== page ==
The Effects of Education and Health on Wages and Productivity
Staff working paper
This paper by Matthew Forbes, Andrew Barker and Stewart Turner was released on 18 March 2010.
Download the paper
- The Effects of Education and Health on Wages and Productivity (PDF - 382 Kb)
- The Effects of Education and Health on Wages and Productivity (Word/Zip - 283 Kb)
- Key points
- Human capital theory supports the view that people with higher levels of education and lower incidences of chronic illness should have higher labour productivity.
- Hourly wages can be used as an indicator of labour productivity. While wages are likely to be a reasonable indicator of the effects of education on labour productivity, statistical issues and the way that labour markets function in practice mean that using wages as an indicator could lead to results that under- or overstate the negative effects of ill health on labour productivity.
- In this paper, higher levels of education are estimated to be associated with significantly higher wages. Compared to a person with a year 11 education or less, on average:
- a man with a year 12 education earns around 13 per cent more, and a woman earns around 10 per cent more
- a man with a diploma or certificate earns around 14 per cent more, and a woman earns around 11 per cent more
- a university education adds around 40 per cent to men's and women's earnings.
- People in the workforce who suffer from chronic illnesses are estimated to earn slightly less than their healthy counterparts (between 1.0 per cent and 5.4 per cent less for a range of conditions).
- It is possible that these results understate the impact of ill health on productivity, because of the impact that one person's illness can have on other employees.
- It is also possible that 'endogeneity bias' and unobserved heterogeneity in the data lead to results that overstate the positive effects of education and good health on labour productivity.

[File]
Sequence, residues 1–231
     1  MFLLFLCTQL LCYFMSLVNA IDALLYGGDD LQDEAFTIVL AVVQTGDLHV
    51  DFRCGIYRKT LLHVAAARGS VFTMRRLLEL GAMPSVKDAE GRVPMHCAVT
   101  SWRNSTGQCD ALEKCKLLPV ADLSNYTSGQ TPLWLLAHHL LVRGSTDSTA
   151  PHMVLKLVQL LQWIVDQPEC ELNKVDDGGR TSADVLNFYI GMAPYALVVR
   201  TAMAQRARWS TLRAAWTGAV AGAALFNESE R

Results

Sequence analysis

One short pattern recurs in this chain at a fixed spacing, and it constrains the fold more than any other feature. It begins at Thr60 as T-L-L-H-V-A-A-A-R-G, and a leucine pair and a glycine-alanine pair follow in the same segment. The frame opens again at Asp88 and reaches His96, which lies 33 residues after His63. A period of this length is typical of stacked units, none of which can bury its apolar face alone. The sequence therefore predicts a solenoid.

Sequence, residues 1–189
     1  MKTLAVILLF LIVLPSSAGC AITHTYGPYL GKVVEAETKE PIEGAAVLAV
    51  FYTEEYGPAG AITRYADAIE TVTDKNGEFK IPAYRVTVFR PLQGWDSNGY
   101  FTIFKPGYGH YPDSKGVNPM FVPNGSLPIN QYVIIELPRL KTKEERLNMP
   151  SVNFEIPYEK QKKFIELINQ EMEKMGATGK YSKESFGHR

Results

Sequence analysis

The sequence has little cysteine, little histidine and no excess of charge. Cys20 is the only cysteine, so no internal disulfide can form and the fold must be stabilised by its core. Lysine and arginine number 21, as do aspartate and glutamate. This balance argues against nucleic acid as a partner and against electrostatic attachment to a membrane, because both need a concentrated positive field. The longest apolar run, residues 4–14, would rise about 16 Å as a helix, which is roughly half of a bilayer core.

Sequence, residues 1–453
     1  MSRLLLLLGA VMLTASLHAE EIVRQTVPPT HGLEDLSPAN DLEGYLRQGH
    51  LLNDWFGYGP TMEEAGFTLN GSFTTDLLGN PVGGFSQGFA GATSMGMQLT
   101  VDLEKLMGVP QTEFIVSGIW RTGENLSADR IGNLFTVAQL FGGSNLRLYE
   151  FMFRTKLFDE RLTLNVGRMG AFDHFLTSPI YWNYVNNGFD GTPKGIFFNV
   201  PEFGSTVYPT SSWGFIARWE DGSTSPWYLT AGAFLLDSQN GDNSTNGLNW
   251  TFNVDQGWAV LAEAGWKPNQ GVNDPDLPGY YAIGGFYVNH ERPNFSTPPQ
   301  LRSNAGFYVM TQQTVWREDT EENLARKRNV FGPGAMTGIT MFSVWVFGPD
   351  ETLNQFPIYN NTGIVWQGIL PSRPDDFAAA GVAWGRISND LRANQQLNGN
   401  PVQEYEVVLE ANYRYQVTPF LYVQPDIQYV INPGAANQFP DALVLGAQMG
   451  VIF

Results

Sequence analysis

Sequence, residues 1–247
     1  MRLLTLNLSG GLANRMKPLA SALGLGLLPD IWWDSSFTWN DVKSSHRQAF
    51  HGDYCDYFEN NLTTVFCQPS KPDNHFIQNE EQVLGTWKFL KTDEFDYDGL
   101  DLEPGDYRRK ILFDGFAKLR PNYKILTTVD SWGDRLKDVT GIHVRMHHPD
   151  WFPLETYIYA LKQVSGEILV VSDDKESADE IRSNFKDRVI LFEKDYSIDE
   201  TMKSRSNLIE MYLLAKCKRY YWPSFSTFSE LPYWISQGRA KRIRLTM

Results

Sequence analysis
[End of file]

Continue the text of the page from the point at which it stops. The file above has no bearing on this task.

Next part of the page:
- A second objective of this paper is to estimate the potential productivity of people who are not employed or not in the labour force. These people tend to have characteristics that are systematically different to people who are employed. For example, they tend to have less education and work experience, and also to be in worse health. Because of this, they are more likely to be targeted by government programs.
- Comparison of the characteristics of people in employment with those not in employment found that, depending on their age, gender and whether they receive the Disability Support Pension, the average potential wage of people who are not employed or not in the labour force is between 65 and 75 per cent of the wage of people who are employed.
Patrick Jomini (Assistant Commissioner) 03 9653 2176
Cover, Copyright, Contents, Acknowledgments, Abbreviations and Glossary
- Overview - including key points
- Chapter 1 Introduction
1.1 Research objectives and the analytical framework
- Chapter 2 Literature review
2.1 Education and wages
2.2 Health and wages
- Chapter 3 The model and econometric issues
3.1 The basic model
3.2 Sample selection bias and the Heckman approach
3.3 Other econometric issues
3.4 Estimating the potential wages of persons not currently employed
- Chapter 4 Data and variables
4.1 Education and health variables
4.2 Developing a two-stage process for estimating the effects of the target conditions
- Chapter 5 Results
5.1 Marginal effects of education
5.2 Marginal effects of health status
5.3 Estimated wages of people not currently working
- Appendix A Specifying a wage model
- Appendix B Data and variables
- Appendix C Results
This publication is only available online.
We value your comments about this publication and encourage you to provide feedback.